What You Need to Know About Snakes and Your PetsFriday, 25 May 2018 12:05
As the temperatures warm up and your pets spend more time outdoors, their chances of getting bitten by a snake increase. It's important to remember that not all snakes are venomous. In Western North Carolina, the two poisonous snake species that are pets are most likely to encounter are rattlesnakes and copperheads.
Snakes usually bite in self-defense, so your pet is most likely to get bitten on the muzzle or limb. You may be able to see two puncture wounds, but sometimes they can be hard to detect.
How Do You Know If Your Pet Has Been Bitten by a Venomous Snake?
You will most likely know your pet was bitten by a venomous snake, because the area where they were bitten will be very swollen and painful. Sometimes pets can become lethargic or vomit but these symptoms do not always occur.
What to Do If Your Pet Has Been Bitten
If you suspect your pet has been bitten by a snake, contact your veterinarian immediately. Treatment for a copperhead or rattlesnake bite is essentially the same so it’s not absolutely critical that the snake is identified but can be helpful. Keep your pet calm and comfortable making sure to avoid placing any kind of tourniquet or compression bandage on the wound.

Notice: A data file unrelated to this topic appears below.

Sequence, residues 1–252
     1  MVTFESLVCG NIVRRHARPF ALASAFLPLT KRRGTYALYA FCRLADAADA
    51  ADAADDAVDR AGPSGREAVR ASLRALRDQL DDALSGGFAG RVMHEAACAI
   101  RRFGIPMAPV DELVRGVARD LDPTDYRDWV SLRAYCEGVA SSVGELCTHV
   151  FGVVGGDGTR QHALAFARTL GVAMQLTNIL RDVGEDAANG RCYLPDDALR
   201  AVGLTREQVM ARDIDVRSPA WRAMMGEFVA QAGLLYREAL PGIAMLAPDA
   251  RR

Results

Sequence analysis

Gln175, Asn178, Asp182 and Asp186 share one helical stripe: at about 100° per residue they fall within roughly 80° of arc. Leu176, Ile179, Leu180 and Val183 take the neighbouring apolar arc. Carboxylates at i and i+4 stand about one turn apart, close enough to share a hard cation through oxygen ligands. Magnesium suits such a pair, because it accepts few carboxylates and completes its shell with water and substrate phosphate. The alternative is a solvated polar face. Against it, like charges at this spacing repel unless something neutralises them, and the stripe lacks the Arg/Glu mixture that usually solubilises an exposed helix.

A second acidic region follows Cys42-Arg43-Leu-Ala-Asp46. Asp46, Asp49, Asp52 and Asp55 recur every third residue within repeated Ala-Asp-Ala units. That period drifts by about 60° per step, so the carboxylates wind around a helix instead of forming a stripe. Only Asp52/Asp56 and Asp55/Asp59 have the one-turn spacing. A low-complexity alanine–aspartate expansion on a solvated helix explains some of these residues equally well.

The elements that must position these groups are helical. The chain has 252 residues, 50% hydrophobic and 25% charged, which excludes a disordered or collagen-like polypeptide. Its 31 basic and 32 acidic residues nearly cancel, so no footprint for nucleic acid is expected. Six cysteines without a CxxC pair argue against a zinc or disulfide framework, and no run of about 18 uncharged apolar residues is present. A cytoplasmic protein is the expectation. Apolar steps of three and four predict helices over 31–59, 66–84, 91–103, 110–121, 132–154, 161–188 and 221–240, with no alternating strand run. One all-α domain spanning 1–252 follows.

Is There a Vaccine to Help Protect Against Snake Bites?
Yes! We carry a rattlesnake vaccine that helps protect dogs when they are bitten by the eastern diamondback rattlesnake, and it has some cross protection against copperheads. The vaccine delays the onset of symptoms and allows you more time to get your pet to the vet. Your pet may still need anti-venom, but the vaccine does afford you more time to get your pet to a hospital.
Can Dogs Get Poison Ivy?
This is a question we get asked all the time! Dogs can get poison ivy, but they aren't nearly as prone to it as us humans, mainly because their thick fur protects them. However, when your pet does get in contact with poison ivy, the urushiol oils that are on your dog’s coat can be transmitted to other things, including us. To help avoid transmission, you can rub your dog down with a towel (while you wear gloves!), or give them a bath anytime they come back from a romp in the woods.